We oppose the letting those hordes of illiterate, unskilled, unhealthy, an uncivilized people who happen to be close enough to walk across the Mexican border, self-select themselves as illegal immigrants.

    We oppose attracting and rewarding those undesirable illegal immigrants with free medical care, education, housing, mortgages, and employment.

  14. bud

    … the thing that is really, profoundly offensive is the way Joe has embraced the extremists who embrace him, and decided to make the foolishness of a moment his new guide for political life.

    Here’s my DUH moment. Of course Joe Wilson is embracing extremists. He is one for crying out loud. He’s always been one. Why this continuous surprise over something that comes natural to ole Joe?

    Frankly Brad you’re partly to blame for this fiaso. If you’d just stop with all this ridiculous advocacy of bipartisanship perhaps you could understand the truth. The GOP has become the party of extremists. They don’t want health care reform. They never even discussed it during the presidential campaign. They throw out a few lame reforms in an effort to hide their true agenda which is essentially to maintain the status quo.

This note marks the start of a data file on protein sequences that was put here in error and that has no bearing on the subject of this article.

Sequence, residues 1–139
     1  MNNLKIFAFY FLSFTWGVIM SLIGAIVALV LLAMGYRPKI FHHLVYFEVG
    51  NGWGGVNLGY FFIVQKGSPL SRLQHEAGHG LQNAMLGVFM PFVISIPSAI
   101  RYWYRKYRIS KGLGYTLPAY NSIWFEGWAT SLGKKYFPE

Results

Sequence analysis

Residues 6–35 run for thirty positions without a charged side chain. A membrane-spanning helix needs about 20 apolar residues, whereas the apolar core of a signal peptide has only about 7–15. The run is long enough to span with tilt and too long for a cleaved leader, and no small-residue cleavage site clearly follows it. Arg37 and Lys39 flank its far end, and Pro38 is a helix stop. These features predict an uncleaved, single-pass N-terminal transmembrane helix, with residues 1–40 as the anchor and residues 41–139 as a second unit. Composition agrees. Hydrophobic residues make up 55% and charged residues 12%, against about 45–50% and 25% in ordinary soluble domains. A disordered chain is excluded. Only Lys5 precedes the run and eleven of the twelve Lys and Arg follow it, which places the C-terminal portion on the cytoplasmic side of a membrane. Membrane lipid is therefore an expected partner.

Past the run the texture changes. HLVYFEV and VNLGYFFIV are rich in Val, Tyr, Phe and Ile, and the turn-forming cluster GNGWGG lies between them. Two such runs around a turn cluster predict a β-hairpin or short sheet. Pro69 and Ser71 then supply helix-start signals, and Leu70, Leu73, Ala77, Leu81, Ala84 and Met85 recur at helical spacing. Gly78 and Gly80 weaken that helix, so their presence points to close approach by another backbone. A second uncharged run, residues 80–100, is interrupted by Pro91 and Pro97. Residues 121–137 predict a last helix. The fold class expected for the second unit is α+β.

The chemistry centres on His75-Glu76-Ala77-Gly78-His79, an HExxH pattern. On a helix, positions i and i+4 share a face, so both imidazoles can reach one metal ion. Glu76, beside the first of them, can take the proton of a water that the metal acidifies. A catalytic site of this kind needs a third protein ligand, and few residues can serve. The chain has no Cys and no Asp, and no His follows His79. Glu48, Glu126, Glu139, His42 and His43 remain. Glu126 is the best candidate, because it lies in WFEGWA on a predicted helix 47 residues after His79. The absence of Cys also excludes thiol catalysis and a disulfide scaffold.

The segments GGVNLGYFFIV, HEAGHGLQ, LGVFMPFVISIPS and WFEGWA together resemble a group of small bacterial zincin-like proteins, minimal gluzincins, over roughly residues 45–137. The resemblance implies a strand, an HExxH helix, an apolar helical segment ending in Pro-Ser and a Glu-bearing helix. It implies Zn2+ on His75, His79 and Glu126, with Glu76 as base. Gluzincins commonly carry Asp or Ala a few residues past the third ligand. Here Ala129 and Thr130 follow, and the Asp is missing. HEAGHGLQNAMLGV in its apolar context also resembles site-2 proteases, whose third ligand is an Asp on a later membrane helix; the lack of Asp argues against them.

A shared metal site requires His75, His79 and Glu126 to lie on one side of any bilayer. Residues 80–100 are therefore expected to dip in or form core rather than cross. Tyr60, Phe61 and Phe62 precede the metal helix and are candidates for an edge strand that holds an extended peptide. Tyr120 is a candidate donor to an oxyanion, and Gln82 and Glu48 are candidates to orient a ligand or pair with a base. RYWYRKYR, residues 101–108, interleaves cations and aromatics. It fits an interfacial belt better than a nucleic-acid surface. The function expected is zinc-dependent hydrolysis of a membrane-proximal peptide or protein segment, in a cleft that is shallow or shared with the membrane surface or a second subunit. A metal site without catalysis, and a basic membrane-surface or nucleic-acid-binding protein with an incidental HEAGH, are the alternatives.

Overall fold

Until the media can stop catering to the crazies in the GOP reform on health care or anything else becomes very difficult. Given that if SC were a country we would rank 87th in life expectancy why is this so hard to understand? Simply run away from what has failed and try something that works. But first let’s marginalize the crazies like Joe Wilson and stop pretending the best way forward involves bipartisanship.

  15. bud

    Here’s an excerpt from an article about a true American hero, Congressman Alan Grayson from Florida: offers this account of Grayson’s dust-up with the Rethugs on healthcare reform:

    Yesterday, Rep. Alan Grayson (D-FL) said the Republican health care plan is “don’t get sick,” and if you do get sick, “die quickly.” After offering those facetious and sadly accurate remarks, Grayson came under criticism from Rep. Tom Price (R-GA), who demanded that Grayson apologize on the House floor. Speaking to reporters this afternoon, Grayson said, “Yes, it was tongue-in-cheek. I’m surprised I have to explain that, but that’s the way it goes these days.” He added that he’s “not taking any of it back” and will “stand by what I said.” When asked if he would apologize, Grayson offered this response: